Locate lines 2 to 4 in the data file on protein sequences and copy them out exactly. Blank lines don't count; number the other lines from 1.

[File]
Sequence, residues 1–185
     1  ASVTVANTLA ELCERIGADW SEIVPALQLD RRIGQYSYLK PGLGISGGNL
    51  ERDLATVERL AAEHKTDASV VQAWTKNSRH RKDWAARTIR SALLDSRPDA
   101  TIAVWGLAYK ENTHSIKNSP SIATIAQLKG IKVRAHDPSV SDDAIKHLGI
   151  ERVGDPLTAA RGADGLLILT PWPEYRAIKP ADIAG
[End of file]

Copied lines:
     1  ASVTVANTLA ELCERIGADW SEIVPALQLD RRIGQYSYLK PGLGISGGNL
    51  ERDLATVERL AAEHKTDASV VQAWTKNSRH RKDWAARTIR SALLDSRPDA
   101  TIAVWGLAYK ENTHSIKNSP SIATIAQLKG IKVRAHDPSV SDDAIKHLGI